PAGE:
• Toumaï - Sapiens Demens (2013)

    cover

    Packaged in a beautiful digipack with killer artwork, today we have France’s Toumaï and their entirely insane “Sapiens Demens”. With equal levels of awesomeness to the band’s insane sound, this release presents nine tracks of experimental music combining everything from Groove Metal, Jazz, Fusion, to some Ska and other crazy elements. We are always looking for bands that push the envelope and this one takes it 100 steps further than your normal band.

    With the elegant opener “Little Psycho”, the band slowly starts to peel the layers of their extremely experimental sound with jazzy pianos and cool vocal arrangements. This track gave us a Diablo Swing Orchestra vibe but with even more levels of madness and experimentation. The first mega-catchy song in this release comes under the name of “Madness In Mind”, a song that is quite unconventional, playful, and with some brutal sections.

  • Manes – Teeth, Toes and Other Trinkets (2014)

    cover

    Highly experimental and unconventional outfit Manes finally returns to the scene with a compilation release that will precede a new full-length release later this year (or so). In “Teeth, Toes and Other Trinkets” the band puts together a very eclectic assortment of tracks from their “Vilosophe" and "How The World Came To An End" eras. Any fan of the band will greatly appreciate the moodiness and uniqueness of the tracks presented in this release and will surely make them more excited for the band’s upcoming release.

    In case you are still expecting any Black Metal from Manes (just in case), this release is far from it and showcases the band’s later musical progression into dark jazzy/avant-garde territories. Just imagine (current) Tiamat meets Green Carnation and throw in some of mid-career Ulver into the mix and this is what you will get. For everybody else staying with the Manes program, “Blanket Of Ashes” delivers quite a powerful opener with excellent vocals and trippy percussions.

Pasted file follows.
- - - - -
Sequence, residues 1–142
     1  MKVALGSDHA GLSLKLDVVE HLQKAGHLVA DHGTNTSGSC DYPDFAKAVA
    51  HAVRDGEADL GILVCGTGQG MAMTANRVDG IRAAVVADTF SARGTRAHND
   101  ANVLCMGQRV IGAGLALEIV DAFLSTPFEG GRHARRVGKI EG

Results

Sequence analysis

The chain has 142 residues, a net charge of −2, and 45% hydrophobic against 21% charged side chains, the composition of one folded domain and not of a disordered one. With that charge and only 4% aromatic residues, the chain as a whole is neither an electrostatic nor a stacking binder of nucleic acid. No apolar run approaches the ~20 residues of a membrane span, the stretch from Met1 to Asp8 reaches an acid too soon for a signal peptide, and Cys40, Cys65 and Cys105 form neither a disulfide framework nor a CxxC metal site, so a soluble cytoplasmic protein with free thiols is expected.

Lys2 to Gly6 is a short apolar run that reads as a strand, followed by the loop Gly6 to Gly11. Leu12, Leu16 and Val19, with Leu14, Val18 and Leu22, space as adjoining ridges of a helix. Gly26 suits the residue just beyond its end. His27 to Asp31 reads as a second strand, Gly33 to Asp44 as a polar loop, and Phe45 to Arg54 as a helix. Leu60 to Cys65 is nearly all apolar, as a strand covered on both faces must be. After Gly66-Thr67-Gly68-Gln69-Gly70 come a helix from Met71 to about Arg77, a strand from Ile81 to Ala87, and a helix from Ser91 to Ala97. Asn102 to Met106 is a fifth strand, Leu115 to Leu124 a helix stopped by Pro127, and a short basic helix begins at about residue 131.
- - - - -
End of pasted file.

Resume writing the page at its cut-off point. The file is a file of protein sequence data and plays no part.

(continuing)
• tot aus dem Wald – Hatecore-Noir (2013)

    cover

    Arriving from Germany, today we have a one-man deranged project of pure musical vile. Featuring 11 tracks that range from Noise to Punk to Death Metal/Grindcore, this release is as decadent and random as they get… and we kind of like it. With only one track over 2.40 minutes, “Hatecore-Noir” is a crazy d.i.y release that is guaranteed to get a reaction (good or bad).

    Featuring intros similar to bands like Macabre on some of their songs, tot aus dem Wald starts the homebrewed proceedings with “Null im schwarzen Quadrat”. While most of the music seems like pure and total chaos, there are traces of certain Metal elements in the band’s music that are undeniably solid like the riffing on “Fahrstuhl ins Fegeteuer” and “Keiner darf überleben”. One very evident influence as well is the Punk/Crust vibe oozing from tracks like “Der Tod, ein einsames Geschaft” and “Zukunft verbraucht”.

Pages

Recent Image Galleries